hecklerspray knows the answer – you hand over the directorial reigns to a 42-year-old man who still thinks plastering yourself in tattoos and pretending to be best mates with the devil is, like, totally awesome. Step forward, then, Rob Zombie – a 'musician' and 'film-maker' whose last two projects – House Of 1000 Corpses and The Devils Rejects – were roughly about as entertaining and thought-provoking as lapping at a chemical toilet.
For those who don't know (and according to the ever-reliable Wikipedia) Rob Zombie is a cultural icon whose 'dreadlocks, gruff vocal style and fascination with horror movies have helped him become a distinctive element in American heavy metal.' In other words – he's the sort of none-too-subtle lunkhead adored by dim middle class teenagers during their 'difficult phase.'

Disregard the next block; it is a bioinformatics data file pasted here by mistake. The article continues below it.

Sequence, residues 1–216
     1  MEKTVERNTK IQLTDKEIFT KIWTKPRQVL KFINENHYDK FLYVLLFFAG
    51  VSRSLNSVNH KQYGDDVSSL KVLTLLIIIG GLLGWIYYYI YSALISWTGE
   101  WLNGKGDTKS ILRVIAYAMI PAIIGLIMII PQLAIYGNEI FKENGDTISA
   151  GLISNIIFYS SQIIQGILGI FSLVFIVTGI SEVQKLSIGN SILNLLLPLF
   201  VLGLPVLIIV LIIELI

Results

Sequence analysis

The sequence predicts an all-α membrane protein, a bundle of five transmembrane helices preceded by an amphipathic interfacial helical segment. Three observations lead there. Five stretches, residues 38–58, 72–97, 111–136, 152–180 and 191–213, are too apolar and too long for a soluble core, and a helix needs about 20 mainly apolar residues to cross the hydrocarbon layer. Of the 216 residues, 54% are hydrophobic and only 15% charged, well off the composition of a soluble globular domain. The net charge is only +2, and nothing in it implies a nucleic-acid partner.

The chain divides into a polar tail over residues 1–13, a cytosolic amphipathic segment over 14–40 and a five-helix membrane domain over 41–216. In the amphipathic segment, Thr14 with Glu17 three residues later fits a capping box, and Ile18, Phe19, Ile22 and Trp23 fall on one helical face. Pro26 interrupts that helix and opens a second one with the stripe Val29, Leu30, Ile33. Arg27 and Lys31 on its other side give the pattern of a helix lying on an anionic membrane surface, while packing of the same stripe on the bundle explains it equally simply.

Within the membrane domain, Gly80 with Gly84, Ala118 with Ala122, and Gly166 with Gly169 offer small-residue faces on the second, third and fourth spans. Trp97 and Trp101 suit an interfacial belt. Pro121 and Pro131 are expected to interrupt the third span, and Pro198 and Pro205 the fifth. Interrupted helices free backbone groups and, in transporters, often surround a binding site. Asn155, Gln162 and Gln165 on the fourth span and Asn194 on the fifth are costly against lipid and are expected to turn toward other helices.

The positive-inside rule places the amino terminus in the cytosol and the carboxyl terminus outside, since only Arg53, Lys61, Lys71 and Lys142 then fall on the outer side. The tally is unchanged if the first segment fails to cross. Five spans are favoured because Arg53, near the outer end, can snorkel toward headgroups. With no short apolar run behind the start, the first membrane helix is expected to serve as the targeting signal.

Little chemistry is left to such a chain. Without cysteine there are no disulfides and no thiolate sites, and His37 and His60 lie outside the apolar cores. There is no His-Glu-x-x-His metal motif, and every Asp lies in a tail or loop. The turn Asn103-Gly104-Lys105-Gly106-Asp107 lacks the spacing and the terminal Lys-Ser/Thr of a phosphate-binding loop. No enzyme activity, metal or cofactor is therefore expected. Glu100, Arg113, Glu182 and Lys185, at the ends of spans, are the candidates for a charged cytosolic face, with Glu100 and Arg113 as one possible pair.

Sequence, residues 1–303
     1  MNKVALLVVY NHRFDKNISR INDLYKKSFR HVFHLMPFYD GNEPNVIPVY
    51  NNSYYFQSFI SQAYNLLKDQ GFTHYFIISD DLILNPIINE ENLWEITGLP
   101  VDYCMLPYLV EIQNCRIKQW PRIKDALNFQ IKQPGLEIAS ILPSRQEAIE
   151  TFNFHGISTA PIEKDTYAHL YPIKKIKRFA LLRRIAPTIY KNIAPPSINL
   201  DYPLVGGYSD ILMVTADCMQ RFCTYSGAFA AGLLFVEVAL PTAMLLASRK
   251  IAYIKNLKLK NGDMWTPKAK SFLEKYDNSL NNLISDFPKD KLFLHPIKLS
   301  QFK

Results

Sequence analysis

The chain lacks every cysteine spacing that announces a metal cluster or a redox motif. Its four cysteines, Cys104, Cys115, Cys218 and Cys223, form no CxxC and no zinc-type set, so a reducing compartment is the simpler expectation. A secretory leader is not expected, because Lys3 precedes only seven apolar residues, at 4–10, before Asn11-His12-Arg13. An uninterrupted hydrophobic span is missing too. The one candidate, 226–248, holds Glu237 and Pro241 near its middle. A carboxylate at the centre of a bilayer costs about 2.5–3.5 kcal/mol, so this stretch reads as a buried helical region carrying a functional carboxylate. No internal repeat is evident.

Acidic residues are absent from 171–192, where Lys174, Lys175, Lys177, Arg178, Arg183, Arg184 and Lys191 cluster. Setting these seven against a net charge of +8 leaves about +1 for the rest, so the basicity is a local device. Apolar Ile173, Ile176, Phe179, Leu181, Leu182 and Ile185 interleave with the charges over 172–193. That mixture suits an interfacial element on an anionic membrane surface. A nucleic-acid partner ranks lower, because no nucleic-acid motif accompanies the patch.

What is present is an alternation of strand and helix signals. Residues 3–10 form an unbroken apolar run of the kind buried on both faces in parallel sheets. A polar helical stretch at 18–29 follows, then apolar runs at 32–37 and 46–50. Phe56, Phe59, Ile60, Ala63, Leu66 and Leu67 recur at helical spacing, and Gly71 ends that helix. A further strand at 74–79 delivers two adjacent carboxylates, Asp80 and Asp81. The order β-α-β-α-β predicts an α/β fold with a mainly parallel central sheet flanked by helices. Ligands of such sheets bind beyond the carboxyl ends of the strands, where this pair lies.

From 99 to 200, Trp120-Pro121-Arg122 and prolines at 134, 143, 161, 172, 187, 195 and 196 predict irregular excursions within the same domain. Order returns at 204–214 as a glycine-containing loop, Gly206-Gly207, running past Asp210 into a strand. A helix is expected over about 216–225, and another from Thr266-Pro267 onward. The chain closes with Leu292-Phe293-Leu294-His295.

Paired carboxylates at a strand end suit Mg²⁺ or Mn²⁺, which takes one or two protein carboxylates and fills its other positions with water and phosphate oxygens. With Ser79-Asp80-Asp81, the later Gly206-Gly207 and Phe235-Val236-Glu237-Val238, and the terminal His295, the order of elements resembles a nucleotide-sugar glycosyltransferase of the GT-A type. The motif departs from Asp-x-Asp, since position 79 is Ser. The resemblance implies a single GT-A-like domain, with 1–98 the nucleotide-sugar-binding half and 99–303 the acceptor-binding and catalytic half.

Yeah – fuck you dad! I won't do my homework!
Anyway. Zombie has got his hands on Halloween – the story of naughty little suburban serial killer Michael Myers. Fans and critics, however, are a little bit sceptical that his remake won't quite match the standards of the original John Carpenter version.
Zombie has tried his best to put these worries to bed:
"The characters had been beaten to death over the last thirty years of sequels, so I thought the only way to do it was to start fresh. I really loved the original Halloween so my thought was to try and go about it as a completely different movie. I didn't want it to look or feel like (writer/director) John Carpenter's (original) movie because that would be pointless. The only reason I said yes was because I thought I came up with a way to do it. I didn't just do it to do it. I've taken away all the supernatural elements of Michael Myers."
All of which fails to placate hecklerspray completely. Still – at least things aren't a total disaster. They could have given the job to emotionally-stunted halfwit Eli Roth, who no doubt would have made all the victims attractive young women, thus giving him the ability to scream "Yeah! Die, bitch! That's for all the cheerleaders who wouldn't go out with me at school!" Just think: they could even have got similarly misogynist manchild Quentin Tarantino in on production duties.
Which would raise the question: could it have been any worse than Grindhouse?